762 Cuscuta spp.Common Names: dodder, lovevine, strangleweed, hellbind, goldthread, devil Family: Convolvulaceae (morning glory Family)
Dodder is a parasitic vine with smooth, wiry, twining stems that attach to a host plant with tiny suckers. Only the seedlings have roots. The tangled stems are usually orange, but may be yellowish, whitish, or greenish or even tinged with red or purple. The stems turn black when the plant dies. One dodder plant looks like a fat yellow thread tangled in the weeds. Large numbers of them crawl over shrubbery to form blankets that look like masses of wet excelsior. The tiny leaves are scalelike and almost invisible, whereas the numerous clusters of little waxy cream colored 5-petaled flowers and subsequent 1/8 in (0.3 cm) seedpods are more noticeable. There are 2 to 4 3-sided brownish seeds in each 2-celled capsule.
Botanists recognize some 150 species of dodder, though some authorities split out a few of them into the genus Grammica. Dodder species cannot be identified until they develop mature flowers and most people can't tell them apart even then. However it is possible to distinguish dodder from the vegetatively similar, but unrelated, love vine (Cassytha filiformis), which is also a parasitic vine that sprawls over its host with twining yellowish stems. Cassytha (which is in the laurel family, Lauraceae) has a spicy odor and inconspicuous, petal-less greenish-white flowers that produce 5-7 mm white berrylike drupes.
There are Cuscuta species native to most every part of the temperate and tropical world. Habitat varies with the host plant, but they generally parasitize plants that grow in disturbed areas.
CultureDodder is usually regarded as an annual, but it may be perennial in warm climates. Some species are salt tolerant and/or pesticide resistant. Dodder is itself parasitized by a fungus, Colletotrichum destructivum. Light: Dodders seem to grow most vigorously in full sun. Moisture: Moisture requirements vary according to host plant. Some species grow in marshes, others in arid brushlands. Hardiness: USDA Zones 4 - 11. Propagation: Dodder reproduces readily from seed. A single plant may produce thousands of seeds, which can remain viable in the soil for many years. Dodder seeds are often inadvertently harvested, distributed, and planted along with host plant seeds. They may also be spread in hay, soil, water, or animal manure. If you actually want to grow this plant, harvest the seed as soon as they ripen in the fall and either plant them in the soil at the base of an appropriate host plant or wedge them into its stem forks and crevices. Broken stems will readily attach to new hosts.
Various dodder species have been used to treat a great variety of different ailments in numerous cultures. Some are thought to take on and enhance the medicinal properties of the plants they parasitize. The dodder that grows on thyme (Cuscuta epithymum) has been a favorite in European folk medicine. The following species are also frequently mentioned as medicinal herbs: C. americana, C. chinensis, C. europaea, C. japonica, C. megalocarpa, and C. reflexa.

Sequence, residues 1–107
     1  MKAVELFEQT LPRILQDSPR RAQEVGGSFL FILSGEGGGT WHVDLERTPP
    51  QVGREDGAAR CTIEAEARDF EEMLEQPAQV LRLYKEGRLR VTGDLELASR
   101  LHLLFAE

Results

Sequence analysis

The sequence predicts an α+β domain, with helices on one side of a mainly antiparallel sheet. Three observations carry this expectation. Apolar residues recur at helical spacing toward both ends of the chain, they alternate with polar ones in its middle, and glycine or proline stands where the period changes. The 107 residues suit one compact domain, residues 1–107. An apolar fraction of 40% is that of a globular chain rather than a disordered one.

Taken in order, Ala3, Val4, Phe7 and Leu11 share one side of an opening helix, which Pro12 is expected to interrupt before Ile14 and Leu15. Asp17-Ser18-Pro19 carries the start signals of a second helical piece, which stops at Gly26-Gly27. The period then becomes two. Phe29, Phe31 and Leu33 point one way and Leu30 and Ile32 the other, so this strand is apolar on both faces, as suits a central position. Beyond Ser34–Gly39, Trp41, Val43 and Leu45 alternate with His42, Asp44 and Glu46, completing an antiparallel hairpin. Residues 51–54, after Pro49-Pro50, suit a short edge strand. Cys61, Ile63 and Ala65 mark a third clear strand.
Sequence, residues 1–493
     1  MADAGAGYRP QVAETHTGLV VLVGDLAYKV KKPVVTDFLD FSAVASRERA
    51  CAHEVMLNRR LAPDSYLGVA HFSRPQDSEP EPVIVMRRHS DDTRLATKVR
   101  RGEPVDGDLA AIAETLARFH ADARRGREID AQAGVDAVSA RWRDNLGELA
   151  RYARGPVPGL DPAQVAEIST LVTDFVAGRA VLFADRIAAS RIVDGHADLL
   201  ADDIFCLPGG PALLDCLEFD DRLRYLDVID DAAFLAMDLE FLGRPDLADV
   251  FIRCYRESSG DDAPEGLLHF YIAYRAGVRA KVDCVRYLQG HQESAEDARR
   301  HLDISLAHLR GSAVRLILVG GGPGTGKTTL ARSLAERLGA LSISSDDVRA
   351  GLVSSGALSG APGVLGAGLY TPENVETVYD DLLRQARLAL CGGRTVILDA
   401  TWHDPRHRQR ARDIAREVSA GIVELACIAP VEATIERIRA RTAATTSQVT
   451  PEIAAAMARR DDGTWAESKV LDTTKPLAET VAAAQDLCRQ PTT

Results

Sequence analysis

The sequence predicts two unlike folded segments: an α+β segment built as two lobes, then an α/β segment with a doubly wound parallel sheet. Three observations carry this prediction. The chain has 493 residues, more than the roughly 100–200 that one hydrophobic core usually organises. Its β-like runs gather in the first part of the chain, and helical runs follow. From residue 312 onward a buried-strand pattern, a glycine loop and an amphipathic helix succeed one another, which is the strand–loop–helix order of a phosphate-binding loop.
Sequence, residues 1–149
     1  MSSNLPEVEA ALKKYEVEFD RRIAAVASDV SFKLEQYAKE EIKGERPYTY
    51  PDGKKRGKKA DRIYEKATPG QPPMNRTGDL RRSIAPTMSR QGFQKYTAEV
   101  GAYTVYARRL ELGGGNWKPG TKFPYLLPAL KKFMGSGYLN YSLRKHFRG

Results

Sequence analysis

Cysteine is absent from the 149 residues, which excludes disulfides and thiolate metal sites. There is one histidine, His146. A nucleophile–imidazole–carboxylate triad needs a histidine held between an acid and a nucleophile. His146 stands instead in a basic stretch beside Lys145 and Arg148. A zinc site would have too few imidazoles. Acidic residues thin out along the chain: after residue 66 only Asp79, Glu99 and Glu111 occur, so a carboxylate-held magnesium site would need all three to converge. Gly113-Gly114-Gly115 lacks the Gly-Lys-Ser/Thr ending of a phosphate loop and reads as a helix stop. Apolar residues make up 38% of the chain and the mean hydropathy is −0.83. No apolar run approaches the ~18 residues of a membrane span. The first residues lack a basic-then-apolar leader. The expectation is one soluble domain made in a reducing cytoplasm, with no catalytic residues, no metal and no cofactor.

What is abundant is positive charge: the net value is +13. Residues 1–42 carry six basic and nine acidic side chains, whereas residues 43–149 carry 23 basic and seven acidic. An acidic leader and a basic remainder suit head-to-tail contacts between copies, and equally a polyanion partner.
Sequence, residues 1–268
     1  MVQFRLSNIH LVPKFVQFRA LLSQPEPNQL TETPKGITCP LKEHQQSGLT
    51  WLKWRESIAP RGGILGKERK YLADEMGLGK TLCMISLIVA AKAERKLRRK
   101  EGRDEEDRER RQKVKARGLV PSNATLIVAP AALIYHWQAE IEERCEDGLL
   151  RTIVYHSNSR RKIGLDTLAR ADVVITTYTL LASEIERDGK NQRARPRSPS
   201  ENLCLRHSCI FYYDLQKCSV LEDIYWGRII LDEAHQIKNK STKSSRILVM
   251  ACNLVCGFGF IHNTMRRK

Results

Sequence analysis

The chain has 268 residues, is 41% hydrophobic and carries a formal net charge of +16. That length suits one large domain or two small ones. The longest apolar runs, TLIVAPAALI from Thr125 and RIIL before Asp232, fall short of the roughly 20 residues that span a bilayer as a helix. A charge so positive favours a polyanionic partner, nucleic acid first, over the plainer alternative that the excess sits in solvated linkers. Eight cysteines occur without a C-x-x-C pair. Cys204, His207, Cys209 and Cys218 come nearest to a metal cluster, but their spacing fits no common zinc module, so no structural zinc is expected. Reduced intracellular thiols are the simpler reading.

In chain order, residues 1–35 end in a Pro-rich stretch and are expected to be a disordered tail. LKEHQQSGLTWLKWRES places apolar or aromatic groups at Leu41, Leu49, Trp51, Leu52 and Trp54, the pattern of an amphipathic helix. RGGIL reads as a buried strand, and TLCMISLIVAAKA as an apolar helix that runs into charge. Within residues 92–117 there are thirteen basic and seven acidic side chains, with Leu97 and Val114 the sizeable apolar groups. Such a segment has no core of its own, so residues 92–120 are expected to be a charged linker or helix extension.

If you are a horror movie producer looking for inspiration, this could be your plant! It has it all: long orange tentacles to grasp and entangle its victims, suckers to drain their life juices, and a devastating lifestyle to match that of any hostile alien symbiont. Different species parasitize different host plants. Some are very selective, whereas others can grow on a variety of herbaceous weeds. But even this villain has a few good points: Certain species grow on even more obnoxious weeds and may thus have promise for biocontrol use. Cuscuta japonica, for example, grows on kudzu! Dodder has also been identified as in important foodplant for the western elfin butterfly (Incisalia augustinus).
For obvious reasons, the USDA classifies dozens of dodder species as Noxious Weeds. American dodder (C. americana) and golden dodder (C. campestrisis) are particularly damaging agricultural weeds. Dodder is a major economic problem for such crops as alfalfa, clover, and flax. Other plants commonly parasitized by dodder include many daisy relatives (especially chrysanthemums), Virginia creepers, trumpet vines, petunias, camellias, citrus, buttonbushes, cucumbers, potatoes, tomatoes, coleus, impatiens, and various legumes. Dodder can also carry plant viruses, including Phytoplasma, which is responsible for many of the "yellows" diseases. Although dodder is not thought of as a poisonous plant, cows and horses have shown colicky symptoms after eating it.
So how do you get rid of the evil stuff? It isn't easy. If dodder is growing on and among plants you cherish, all you can do is try to pull it from all affected parts of the host plants. Take care to get every fragment of dodder, then incinerate the dodder-infested plant remains. This should be done before the dodder begins to go to seed. If you have a really awful infestation or find it growing on plants you are willing to sacrifice, you can use a pre-emergent herbicide in the early spring or apply 2,4-D to kill both dodder and host plant. Burning will kill the plants and seeds, but buried seeds will then germinate. Don't go off on a knee-jerk search-and-destroy mission every time you see a strand of dodder in the bushes, though. Many dodders require very specific host plants and are therefore rare species themselves. If a dodder is in your garden or growing nearby among the weeds in a disturbed area, go after it with a vengeance. But if the dodder is in a natural habitat growing on native vegetation, stop and think first. Watch it for awhile. If it seems be relying on just one or two kinds of plants and not attacking others or moving into cultivated areas, let it be. Who knows what that species of dodder might turn out to be the cure for?
Steve Christman 7/28/00; updated 10/29/04